Belfast Telegraph

Wednesday 16 April 2014

Claudy bomb relatives: Did Heath know of collusion?

Main Street Claudy in August 1972 when three Provisional IRA car bombs exploded without warning, killing 9 local people and injuring many others.

Relatives of the victims of the Claudy bombings have demanded the British Government conduct a fresh inquiry into the atrocity as questions grow about what the then Prime Minister knew about the collusion.

Police Ombudsman Al Hutchinson this week reported that senior Church, Government and RUC figures conspired to ensure that the priest suspected of carrying out the bombing was never questioned. But some relatives are now asking if the then Secretary of State was acting with the knowledge of Prime Minister Ted Heath.

Mark Eakin, who was blown off his feet in the blast that killed his eight-year-old sister Kathryn, said: “I feel I have been let down by the Government that I pay my taxes to. They have not performed at all, they have totally washed their hands of Claudy.”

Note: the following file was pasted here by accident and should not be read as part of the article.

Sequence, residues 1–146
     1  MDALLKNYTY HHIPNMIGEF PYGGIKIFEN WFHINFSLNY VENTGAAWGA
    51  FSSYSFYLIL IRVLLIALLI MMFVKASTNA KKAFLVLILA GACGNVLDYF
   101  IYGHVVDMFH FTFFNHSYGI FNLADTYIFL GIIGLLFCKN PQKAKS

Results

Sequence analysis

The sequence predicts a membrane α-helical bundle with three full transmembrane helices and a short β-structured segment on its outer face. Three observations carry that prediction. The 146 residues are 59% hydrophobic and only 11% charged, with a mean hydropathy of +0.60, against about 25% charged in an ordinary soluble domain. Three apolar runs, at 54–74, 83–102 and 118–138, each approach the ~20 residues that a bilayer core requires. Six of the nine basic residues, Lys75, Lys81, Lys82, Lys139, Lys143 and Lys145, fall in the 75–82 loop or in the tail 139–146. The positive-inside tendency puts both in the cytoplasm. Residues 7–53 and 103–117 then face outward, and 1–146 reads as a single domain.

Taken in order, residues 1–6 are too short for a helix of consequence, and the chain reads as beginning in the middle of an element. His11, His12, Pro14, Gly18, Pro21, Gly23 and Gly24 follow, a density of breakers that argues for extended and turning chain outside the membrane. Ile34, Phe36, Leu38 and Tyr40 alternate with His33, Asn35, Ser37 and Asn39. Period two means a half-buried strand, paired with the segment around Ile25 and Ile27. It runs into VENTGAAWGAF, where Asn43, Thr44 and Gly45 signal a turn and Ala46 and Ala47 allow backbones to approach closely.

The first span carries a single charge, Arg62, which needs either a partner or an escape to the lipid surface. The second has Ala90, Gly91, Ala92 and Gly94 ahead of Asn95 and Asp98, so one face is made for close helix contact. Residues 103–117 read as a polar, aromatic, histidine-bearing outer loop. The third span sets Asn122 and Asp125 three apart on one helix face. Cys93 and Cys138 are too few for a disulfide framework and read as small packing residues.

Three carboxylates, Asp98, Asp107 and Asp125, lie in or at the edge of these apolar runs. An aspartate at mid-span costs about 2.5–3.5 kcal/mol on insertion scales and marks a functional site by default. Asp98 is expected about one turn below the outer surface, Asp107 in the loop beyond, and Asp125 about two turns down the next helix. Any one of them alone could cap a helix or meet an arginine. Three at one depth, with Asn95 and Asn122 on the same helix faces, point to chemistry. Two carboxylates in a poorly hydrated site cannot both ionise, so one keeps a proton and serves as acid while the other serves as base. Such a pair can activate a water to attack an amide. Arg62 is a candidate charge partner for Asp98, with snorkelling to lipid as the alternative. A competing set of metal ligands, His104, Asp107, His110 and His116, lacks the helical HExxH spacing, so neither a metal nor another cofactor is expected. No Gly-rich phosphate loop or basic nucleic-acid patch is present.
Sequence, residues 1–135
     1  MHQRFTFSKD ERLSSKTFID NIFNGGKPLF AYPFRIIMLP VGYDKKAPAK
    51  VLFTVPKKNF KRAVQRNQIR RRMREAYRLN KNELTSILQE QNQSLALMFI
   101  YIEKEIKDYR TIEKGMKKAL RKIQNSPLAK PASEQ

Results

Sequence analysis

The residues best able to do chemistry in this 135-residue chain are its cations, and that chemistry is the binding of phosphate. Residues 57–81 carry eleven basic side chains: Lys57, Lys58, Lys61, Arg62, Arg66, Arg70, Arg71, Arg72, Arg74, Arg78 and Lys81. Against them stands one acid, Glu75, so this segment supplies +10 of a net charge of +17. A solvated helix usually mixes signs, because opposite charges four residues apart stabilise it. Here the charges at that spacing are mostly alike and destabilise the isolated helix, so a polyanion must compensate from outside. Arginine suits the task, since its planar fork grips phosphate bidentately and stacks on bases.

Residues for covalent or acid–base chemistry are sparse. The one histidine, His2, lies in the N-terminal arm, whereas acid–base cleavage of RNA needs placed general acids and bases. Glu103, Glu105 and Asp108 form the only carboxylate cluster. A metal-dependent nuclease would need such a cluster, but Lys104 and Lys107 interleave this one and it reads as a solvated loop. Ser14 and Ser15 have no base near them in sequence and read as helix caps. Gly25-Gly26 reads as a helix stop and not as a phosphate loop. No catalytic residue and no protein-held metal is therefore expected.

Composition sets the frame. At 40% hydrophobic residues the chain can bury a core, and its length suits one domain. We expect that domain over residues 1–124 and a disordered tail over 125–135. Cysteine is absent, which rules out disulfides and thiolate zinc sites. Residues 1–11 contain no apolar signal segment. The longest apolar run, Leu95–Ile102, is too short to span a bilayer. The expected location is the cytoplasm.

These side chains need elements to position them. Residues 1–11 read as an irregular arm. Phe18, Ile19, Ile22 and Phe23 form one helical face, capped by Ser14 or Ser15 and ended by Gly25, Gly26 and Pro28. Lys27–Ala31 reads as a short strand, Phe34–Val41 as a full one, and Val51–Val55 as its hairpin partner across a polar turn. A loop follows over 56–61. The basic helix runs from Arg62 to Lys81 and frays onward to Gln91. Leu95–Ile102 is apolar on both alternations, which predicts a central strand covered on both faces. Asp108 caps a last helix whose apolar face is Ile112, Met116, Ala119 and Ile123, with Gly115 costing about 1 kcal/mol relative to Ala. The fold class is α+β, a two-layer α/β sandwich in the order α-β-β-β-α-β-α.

Mr Eakin, a Protestant, called for a renewed effort to catch those bombers who may still be alive, adding there was “no way” Mr Whitelaw (then Northern Ireland Secretary of State) made this decision on his own.

“It had to come from higher up,” he said. “I would like to ask the British Government if they would now step in and investigate this thing further.”

Documentary-maker Michael Cockerell, who made a film about Mr Whitelaw, said that “it was possible” that he could have acted without the authorisation of the Prime Minister Edward Heath.

The film-maker recounted how Mr Whitelaw, who was known as the PM’s “loyal lieutenant”, had authorised an Army commander in Belfast to shoot if necessary loyalist paramilitaries, without first seeking Mr Heath’s permission.

Mr Cockerell said the former Secretary of State made no mention of his discussions about Fr Chesney in his memoirs or autobiography.

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